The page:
God slept rough last night alongside the cooling embers of volcanic rock from the eruption of Mt. Nyiragongo in Africa. She awoke exposed, porous and pure as the lava itself, but this did not make her happy. She shook me awake to ask if I would bury her under the acres of rich loam currently planted in alfalfa so she could begin reclaiming her complexity. To be simplified to lava is painful.

“Oh no!” I exclaimed as I opened my eyes in the dim light of dawn and ran my hands over a face so jagged and pitted it made terrible acne seem easy. “Oh sweet God. You’ve become stone.”

“Yes,” God said, woeful, but with a shred of hope. “Lava stone. I’ve heard it has healing properties, but I’d rather move along. Bury me in the topsoil, please. There’s still time. I’ll take care of the rest.”

I reluctantly agreed. We held hands as we walked through the verdant fields made fertile by thousands of years of runoff from the surrounding and willing hills. I was glad I’d remembered my cowhide gloves, both because the hand of God was razor sharp and because the shovel I was dragging along was old. The handle was splintered, and I knew I would be digging for a long time, possibly the rest of my life.

The squawking of the wild and noisy geese nesting across the river helped me find my center as God chose the perfect place to be interned. I wished for another way, but life consists of trying to solve things that are not solvable. This is something gradually revealed over the years allotted to those defined as alive. They say that suicide is a permanent solution to a temporary problem. This is true, but then the same can be said for all deaths; ultimately all problems are subjective and temporary, and all deaths seem permanent.

The bounce of sound across water is predictable but not guaranteed.

“God,” I said. “Are you sure?” I was wondering why God insisted on being buried on such a beautiful day. I wondered why I had to be the one digging. I wondered where this weathered old shovel came from.

“Yes,” God said, the nod of her head causing tremors under my feet. Her voice is not measured in decibels but rather revealed in the marrow of reverberating bone. I broke ground, putting body and soul into the sink of the shovel, giving thanks for the leather protecting my thin, unlovely skin from slivers and blisters. I have callouses, but they are often an insufficient defense for these long hot days and the softening effect of sweat.

Settling

There are short-lived truths that go sour, longer truths that offer comfort but eventually wear out like a well-loved quilt, and eternal truths that hide among the bulrushes, debts, and sanctuaries. Physical punishment or harsh words will stop unwanted behavior in its tracks, but the motives will dive underground and propel from below.

“Ok,” God says, “Then grace is like a shovel.”

Your offspring don’t own you, and you don’t own your offspring, and we are all the offspring of many. Boundaries are a constant negotiation, but we trundle along, fostering and adopting, breaking and healing, astonished and befuddled; the urges and joys of reproduction writ large.

“Of course,” God says. “My image in the darkened glass.”

There are forces that undermine balance, reduce generosity, and recast restraint as shameful. The meaning of enough is flattened by trucks exceeding the speed limit. Avarice can be dressed up to look like self-care, and acquisition is a seductive master, a damsel in distress, a mirage of power.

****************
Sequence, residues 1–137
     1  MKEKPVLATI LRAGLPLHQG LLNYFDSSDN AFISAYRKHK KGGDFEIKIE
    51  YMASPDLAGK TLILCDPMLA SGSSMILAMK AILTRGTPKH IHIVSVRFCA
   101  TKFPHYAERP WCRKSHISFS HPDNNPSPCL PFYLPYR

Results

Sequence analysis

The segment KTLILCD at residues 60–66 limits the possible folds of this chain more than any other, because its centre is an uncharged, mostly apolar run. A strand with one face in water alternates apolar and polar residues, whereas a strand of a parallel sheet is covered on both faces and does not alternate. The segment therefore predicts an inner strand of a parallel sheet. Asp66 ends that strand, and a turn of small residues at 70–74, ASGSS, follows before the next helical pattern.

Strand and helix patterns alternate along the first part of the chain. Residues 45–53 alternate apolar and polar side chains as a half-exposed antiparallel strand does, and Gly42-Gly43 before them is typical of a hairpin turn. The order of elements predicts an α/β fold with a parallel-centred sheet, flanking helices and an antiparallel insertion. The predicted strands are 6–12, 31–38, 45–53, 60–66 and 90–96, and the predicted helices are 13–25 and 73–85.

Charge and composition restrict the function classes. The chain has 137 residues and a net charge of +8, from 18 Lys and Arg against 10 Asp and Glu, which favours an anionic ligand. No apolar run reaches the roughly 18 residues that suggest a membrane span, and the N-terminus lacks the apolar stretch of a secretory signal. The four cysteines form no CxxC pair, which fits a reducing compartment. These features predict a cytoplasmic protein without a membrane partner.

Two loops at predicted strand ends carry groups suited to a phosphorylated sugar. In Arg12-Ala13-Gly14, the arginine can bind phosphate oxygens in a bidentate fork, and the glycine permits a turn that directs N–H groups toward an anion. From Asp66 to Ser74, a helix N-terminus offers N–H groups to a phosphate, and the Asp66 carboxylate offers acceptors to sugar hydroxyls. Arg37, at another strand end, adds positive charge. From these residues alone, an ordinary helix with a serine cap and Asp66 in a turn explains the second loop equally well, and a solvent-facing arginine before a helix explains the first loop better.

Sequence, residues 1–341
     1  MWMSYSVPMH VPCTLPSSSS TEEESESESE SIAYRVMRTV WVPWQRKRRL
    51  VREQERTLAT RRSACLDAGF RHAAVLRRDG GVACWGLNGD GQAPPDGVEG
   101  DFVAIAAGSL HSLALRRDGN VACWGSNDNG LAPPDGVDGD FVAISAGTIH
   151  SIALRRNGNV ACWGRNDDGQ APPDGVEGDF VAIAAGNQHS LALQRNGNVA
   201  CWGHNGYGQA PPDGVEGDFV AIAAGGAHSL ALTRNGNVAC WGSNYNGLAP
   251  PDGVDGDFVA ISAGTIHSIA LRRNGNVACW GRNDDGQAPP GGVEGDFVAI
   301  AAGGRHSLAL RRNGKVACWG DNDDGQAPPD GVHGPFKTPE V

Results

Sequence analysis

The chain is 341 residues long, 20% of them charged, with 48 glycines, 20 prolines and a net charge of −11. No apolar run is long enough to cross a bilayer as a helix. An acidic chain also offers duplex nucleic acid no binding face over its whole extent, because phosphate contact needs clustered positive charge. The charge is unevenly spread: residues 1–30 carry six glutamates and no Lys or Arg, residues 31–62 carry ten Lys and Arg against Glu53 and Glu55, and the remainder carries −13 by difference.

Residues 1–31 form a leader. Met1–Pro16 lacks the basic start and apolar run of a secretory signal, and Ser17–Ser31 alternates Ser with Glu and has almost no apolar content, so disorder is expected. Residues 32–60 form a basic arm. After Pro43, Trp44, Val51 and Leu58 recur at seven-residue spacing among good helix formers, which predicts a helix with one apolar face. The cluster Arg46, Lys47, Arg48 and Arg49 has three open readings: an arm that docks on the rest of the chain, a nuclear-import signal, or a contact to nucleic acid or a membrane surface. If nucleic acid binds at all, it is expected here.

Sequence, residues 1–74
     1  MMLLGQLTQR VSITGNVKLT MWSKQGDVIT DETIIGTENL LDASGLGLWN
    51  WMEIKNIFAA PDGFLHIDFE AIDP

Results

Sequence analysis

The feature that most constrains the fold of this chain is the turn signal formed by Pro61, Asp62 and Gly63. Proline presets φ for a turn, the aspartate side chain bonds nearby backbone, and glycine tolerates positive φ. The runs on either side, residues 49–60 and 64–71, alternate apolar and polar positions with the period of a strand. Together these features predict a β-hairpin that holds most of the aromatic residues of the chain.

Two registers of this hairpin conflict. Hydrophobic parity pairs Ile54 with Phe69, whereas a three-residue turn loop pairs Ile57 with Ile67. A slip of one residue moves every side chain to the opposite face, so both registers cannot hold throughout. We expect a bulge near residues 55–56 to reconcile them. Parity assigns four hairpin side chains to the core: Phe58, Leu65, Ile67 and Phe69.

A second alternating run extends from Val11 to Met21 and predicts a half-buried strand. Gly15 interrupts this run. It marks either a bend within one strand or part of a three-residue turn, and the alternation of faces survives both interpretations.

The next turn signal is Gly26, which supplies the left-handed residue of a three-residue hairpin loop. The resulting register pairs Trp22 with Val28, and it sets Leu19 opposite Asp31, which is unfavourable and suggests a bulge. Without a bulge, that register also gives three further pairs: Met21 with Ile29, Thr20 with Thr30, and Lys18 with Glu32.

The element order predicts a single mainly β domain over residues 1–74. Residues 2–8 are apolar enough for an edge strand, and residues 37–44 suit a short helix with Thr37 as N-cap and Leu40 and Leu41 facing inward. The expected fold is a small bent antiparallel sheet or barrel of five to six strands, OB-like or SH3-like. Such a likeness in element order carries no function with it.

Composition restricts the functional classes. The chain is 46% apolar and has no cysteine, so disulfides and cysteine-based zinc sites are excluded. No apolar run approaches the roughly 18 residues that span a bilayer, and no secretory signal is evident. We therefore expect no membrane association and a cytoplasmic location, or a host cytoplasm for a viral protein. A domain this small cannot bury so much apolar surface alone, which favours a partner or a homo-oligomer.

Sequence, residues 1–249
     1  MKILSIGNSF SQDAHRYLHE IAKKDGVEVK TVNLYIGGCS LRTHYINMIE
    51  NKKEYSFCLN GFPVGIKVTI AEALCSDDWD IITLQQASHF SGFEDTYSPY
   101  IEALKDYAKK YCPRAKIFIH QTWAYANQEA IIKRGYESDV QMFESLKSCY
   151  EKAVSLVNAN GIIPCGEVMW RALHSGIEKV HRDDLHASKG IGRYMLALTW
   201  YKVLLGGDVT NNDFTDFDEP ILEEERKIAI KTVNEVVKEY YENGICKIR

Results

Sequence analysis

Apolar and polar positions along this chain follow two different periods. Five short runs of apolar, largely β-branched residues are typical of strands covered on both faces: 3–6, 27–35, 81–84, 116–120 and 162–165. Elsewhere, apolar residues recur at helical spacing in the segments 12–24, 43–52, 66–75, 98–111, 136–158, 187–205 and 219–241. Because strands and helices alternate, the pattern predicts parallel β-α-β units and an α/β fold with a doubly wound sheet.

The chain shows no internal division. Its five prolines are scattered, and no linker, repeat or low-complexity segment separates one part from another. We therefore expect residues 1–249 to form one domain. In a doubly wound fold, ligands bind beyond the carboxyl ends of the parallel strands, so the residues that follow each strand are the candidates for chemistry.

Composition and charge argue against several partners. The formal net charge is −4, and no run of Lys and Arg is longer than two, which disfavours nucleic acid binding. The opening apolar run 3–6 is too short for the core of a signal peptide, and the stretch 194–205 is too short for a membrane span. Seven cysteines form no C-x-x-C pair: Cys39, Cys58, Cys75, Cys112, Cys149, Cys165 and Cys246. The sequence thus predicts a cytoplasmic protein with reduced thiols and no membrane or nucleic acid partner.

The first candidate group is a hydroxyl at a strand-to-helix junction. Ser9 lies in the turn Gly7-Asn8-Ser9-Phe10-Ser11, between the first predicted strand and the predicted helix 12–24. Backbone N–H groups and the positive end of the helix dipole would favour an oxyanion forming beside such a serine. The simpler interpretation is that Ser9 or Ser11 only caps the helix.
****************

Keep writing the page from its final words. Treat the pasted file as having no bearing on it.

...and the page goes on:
“Yes,” God says. “And forgiveness is a home-cooked meal.”

Fear is a natural response to the threat of pain, death, or humiliation. Belligerence is also a natural response. Hatred is the venom produced by fear and belligerence. The poison flows both directions—outward and inward.

“True,” God sighs. “And the antidote…”

God’s voice fades. I lean in, hoping God just needs to clear her throat or something. God is going to say the antidote is love, right? Or maybe compassion, or courage, or sacrifice? Silence reigns. No singing river. No chattering birds. No traffic. No wind. Not even the distant opening or closing of doors.

“Is this it? The antidote is nothing?” I think to myself.

“Noooo,” my inner self protests. I realize I’m dangerously close to settling for a short truth, even if i know it will grow bitter with time, even if I know it will lose its shape like cheap underwear. As long as it disguises the taste of the poison in my mouth–I don’t care.

I look straight into the vibrant universe and hope for a reassuring word.

“Sorry,” God finally says. “I’m all out of platitudes.”

“I don’t mind,” I say, thrilled that God has spoken. “I can handle that. Have a nice day.” I chuckle.

“You crack me up,” God says, laughing. We stand face to face, our foreheads touching, eyes closed, breathing. Then we link arms and walk to the garden to plant a few more marigolds among the rows of kale.

Illusions

Almost every morning, though I’m never quite sure why, I willingly rise to meet the occasion of dawn. Lately, I’ve been finding God already busy in the kitchen baking massive amounts of bread and eating chocolate between virtual meetings. Today, she’s humming to a shadowy companion who is also God. Above me, someone scuffles, below me someone coughs. They are also God. As usual, I’m surrounded, and as usual, I surrender—a prisoner of a war I don’t remember starting.